Charter schools around the nation--including 31 in Hawaii--will receive more scrutiny and also the opportunity to strengthen academic programs with federal funds, should legislation passed today in the U.S. House become law.
"Strengthening the quality and accountability of our charter schools helps the more than 9,000 keiki attending charters in Hawaii," said Congresswoman Mazie Hirono (D-Hawaii), a member of the House Education and the Workforce Committee who voted for the bill.
H.R. 2218, the Empowering Parents through Quality Charter Schools Act, is one of a number of bills the House is working on to revise the Elementary and Secondary Education Act (ESEA) or what is commonly called No Child Left Behind. H.R. 2218 is the first update to the federal education law--and the only bipartisan bill--to come to the House floor this year.
"Some charter schools, such as Native Hawaiian-focused schools, have pioneered innovative methods in improving education that show that all kids can achieve," said Congresswoman Hirono. "This bill makes sure those innovations are shared with all public schools."
H.R. 2218 will:
· Require charters to serve all student populations -- from those with disabilities to English language learners and low-income children.
· Return the charter school program to its original purpose of developing and sharing innovative teaching practices so all public schools benefit.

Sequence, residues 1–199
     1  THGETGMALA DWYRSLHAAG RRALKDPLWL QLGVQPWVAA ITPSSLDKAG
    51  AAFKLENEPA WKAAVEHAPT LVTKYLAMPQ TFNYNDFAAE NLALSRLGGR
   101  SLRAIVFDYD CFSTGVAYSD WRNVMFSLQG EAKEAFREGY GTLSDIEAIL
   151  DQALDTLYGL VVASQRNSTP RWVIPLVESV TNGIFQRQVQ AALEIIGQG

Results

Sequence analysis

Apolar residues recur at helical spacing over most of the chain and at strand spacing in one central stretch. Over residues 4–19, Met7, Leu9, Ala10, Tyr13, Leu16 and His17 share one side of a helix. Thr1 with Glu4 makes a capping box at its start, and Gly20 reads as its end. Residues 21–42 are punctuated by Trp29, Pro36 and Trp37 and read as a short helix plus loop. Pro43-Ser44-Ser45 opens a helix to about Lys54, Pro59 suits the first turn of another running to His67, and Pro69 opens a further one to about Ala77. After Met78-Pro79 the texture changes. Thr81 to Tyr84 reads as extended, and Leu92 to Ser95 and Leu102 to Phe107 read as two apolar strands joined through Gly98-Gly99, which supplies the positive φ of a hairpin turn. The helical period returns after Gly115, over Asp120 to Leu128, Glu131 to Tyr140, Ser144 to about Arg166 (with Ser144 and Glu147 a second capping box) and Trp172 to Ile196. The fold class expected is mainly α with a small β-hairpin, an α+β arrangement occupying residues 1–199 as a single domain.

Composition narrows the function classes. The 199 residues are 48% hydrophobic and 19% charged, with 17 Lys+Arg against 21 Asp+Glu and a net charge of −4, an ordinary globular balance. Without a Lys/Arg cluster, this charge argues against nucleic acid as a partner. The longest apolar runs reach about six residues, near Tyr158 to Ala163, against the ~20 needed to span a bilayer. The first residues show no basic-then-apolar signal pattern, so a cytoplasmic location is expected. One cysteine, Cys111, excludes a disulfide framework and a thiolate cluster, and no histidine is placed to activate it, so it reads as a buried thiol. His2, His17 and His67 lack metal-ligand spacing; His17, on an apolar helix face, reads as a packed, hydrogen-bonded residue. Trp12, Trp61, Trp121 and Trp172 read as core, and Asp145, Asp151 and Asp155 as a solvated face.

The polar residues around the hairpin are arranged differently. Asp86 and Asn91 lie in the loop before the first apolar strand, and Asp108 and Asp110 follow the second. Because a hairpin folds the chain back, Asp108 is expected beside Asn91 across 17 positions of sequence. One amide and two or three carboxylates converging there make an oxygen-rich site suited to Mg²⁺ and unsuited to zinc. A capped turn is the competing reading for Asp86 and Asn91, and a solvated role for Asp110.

· Require charter schools to publicly file their annual financial audits the U.S. Department of Education.
· Provide priority funding for charters named as "high-quality charter schools" that improve academic achievement for all subgroups of students and have no problems with student safety or financial management.
· Specify in law that charters can serve pre-K students, so states cannot restrict charters from using federal funds on pre-K. In Hawaii, many charter schools offer pre-K.
· Create new rules to help charters receive federal funding:
o Governors and state charter school boards will now be able to apply separately from their state education department for federal funding, as long as they coordinate with their state education department. For example, from 2008 through 2010, the Hawaii State Dept. of Education decided not to apply for funding from the federal charter schools program. Had this provision been in law, the governor or the state charter school board could have applied for the funding on their own.
o Also, if a state education department, the governor, or state charter school board does not send a statewide application to the U.S. Dept. of Education for funding, or their statewide application doesn't win funding, then individual schools can apply directly to the federal government for funding.
The bill is supported by the National Disability Rights Network, the National Association of State Directors of Special Education, and the Council for Exceptional Children.
"The journey to update and improve our education system is a journey of a thousand steps," said Congresswoman Hirono. "Improving our charter schools is an important step, but it is one step. We have much work to do to strengthen our schools and I will continue to fight for a full update to the Elementary and Secondary Education Act to enable our keiki to succeed in school and in life."